Controversial Waleed Aly interview deleted
Channel 10 has removed a controversial interview between Waleed Aly and former Collingwood Magpies defender Heritier Lumumba following intense backlash.
Aly has been pushed to apologise for his 2017 interview with Lumumba in 2017 after a report found Collingwood was indeed guilty of fostering “systemic racism”.
An investigation followed after Lumumba made damning claims that there was an enduring “culture of racist jokes” and also revealed he had allegedly been nicknamed “Chimp” while playing for the Magpies.
Aly interviewed Lumumba for an episode of the popular Channel 10 show, and discussed the nickname.
The Project panellist Peter Helliar questioned the authenticity of Lumumba’s allegations, saying at the time “it would be really helpful if we heard more detail, especially with the nickname”.
The comedian also claimed Lumumba risked “smearing an entire club” if his story could not be proven true.
While Helliar has apologised on Twitter, there have been questions over whether Aly should follow suit for the doubt he put on some of the footy star’s allegations.
Speaking on ABC’s Offsiders, veteran cricket journalist Gideon Haigh was one of the many who criticised those who casted doubt on the former AFL player.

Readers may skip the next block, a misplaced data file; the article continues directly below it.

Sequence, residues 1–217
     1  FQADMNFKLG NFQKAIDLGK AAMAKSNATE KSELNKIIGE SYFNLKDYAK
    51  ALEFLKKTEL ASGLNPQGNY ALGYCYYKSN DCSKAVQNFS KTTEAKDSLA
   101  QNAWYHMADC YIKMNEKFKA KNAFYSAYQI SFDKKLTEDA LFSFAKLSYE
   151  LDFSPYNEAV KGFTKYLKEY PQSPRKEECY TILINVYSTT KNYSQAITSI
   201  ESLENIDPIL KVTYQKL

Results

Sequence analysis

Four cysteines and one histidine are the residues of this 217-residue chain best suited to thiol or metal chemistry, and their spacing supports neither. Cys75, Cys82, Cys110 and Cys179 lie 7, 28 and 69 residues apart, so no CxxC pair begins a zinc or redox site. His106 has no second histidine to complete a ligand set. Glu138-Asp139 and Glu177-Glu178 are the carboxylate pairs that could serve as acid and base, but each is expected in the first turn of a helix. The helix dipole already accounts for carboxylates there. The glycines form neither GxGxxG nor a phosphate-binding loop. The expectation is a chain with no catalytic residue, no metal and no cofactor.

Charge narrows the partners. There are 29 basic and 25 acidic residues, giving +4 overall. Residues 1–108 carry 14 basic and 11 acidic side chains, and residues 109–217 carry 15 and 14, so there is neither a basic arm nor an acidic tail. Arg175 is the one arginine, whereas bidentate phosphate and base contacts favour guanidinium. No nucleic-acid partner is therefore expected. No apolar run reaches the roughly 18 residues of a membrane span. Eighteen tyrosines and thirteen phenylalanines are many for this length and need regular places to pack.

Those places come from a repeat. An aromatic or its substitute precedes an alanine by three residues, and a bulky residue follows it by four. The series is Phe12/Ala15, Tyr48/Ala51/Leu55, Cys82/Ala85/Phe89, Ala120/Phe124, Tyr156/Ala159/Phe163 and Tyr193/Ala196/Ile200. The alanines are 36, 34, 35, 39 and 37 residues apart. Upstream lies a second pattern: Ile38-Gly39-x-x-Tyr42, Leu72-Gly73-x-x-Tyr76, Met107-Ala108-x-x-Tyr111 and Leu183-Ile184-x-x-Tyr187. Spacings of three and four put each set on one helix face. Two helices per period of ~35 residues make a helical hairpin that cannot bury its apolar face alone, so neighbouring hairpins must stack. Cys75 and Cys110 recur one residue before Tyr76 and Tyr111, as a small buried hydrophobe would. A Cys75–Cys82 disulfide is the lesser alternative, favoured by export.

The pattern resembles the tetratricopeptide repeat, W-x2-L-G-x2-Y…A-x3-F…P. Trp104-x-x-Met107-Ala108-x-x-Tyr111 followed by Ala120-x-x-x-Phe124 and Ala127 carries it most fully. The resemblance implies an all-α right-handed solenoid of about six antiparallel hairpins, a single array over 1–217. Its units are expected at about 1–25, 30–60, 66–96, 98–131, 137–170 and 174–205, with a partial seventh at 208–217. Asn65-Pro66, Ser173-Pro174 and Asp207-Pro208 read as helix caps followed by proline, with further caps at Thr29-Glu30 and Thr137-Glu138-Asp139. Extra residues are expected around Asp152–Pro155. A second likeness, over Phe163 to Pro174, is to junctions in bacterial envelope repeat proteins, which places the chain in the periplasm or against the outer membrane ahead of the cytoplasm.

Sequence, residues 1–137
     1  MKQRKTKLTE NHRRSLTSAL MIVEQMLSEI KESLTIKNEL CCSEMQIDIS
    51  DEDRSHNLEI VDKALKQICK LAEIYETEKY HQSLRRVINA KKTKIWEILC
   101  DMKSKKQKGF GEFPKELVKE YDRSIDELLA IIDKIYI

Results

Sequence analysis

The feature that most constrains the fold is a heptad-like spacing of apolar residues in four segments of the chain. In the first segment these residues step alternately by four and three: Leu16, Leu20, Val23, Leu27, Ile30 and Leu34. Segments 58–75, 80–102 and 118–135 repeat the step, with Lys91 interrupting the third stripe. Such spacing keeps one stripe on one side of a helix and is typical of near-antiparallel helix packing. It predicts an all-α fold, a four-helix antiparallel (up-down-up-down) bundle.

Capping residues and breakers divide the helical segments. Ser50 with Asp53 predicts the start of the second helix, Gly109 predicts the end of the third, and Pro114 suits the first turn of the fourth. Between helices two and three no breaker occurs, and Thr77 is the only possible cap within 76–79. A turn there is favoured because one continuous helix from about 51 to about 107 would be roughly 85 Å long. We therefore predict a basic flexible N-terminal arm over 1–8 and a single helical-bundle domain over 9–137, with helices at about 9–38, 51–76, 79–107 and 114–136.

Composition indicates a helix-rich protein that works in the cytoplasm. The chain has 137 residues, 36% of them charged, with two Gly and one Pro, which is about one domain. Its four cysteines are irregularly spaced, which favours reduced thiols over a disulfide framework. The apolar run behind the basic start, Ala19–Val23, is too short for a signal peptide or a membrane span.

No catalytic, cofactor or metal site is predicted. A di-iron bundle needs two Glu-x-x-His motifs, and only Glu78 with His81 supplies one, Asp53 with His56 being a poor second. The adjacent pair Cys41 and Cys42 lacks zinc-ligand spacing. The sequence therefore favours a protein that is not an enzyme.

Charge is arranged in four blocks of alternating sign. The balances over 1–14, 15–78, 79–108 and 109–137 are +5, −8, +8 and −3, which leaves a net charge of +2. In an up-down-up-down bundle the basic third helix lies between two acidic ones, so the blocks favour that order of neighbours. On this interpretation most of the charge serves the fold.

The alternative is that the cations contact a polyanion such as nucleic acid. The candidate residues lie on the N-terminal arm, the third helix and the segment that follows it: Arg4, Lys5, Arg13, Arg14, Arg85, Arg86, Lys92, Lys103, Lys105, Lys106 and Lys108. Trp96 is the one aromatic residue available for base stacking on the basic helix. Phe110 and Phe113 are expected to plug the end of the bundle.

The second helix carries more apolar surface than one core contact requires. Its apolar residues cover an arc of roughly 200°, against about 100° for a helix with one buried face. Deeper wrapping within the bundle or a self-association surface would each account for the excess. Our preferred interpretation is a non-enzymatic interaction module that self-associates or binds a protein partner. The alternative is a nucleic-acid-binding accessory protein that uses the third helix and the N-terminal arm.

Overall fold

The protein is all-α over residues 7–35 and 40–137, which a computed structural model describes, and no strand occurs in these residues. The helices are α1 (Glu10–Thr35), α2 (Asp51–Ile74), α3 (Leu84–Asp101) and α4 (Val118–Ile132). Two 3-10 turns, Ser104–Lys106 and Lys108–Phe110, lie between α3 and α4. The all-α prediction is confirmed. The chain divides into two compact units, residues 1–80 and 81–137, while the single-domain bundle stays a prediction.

“Was it ever seriously so difficult to believe Lumumba?” Haigh said on Sunday morning.
“It seems to me the journalists bought readily into the club’s campaign to discredit him because of their need for access, because of their general conformity and frankly their whiteness.”
Former Collingwood players Brent Macaffer, Leon David, Chris Dawes and Andrew Krakouer have all said they heard the nickname “Chimp”.
Former teammate Simon Buckley, who is Indigenous, responded to the Collingwood report by launching a scathing attack on Lumumba on Facebook.
“He made the nickname up for himself,” Buckley said in the since-deleted exchange.
“He was all for it when he was winning flags and playing well. He would refer to himself as chimp. He all of a sudden 10 years later wants to be a humanitarian.
“He never complained when he was winning flags and getting a kick himself and calling himself that name. Now all of a sudden he’s out of the media and wants to be back in the limelight and get a few bucks. Weak as p**s.
“If he wanted to preach about racism, he shoulda called it out at the time and not run with it and calling himself that for a laugh.”
"The journalists bought readily into [Collingwood's] campaign to discredit [Lumumba] because of their need for access, because of their general conformity and, frankly, their whiteness."
— Offsiders ABC (@OffsidersABC) February 7, 2021
Lumumba later hit back at Buckley’s accusations, and claimed the nickname “began in 2005, during the pre-season and, no, I did not make it up myself”.
“Despite the nickname being overtly racist, unfortunately, it was not the worst facet of the interpersonal racism that I encountered during my 10 years at CFC. Within two months of me being at the club, I had already been exposed to a culture where racist ideas, in the form of jokes, stereotypes and direct abuse, was prevalent,” he posted.
Lumumba also clarified that at the time, he was just “a young man of 23-24 years of age, and had yet to understand the dangerous implications of the racism that was allowed to proliferate within the club’s culture”.
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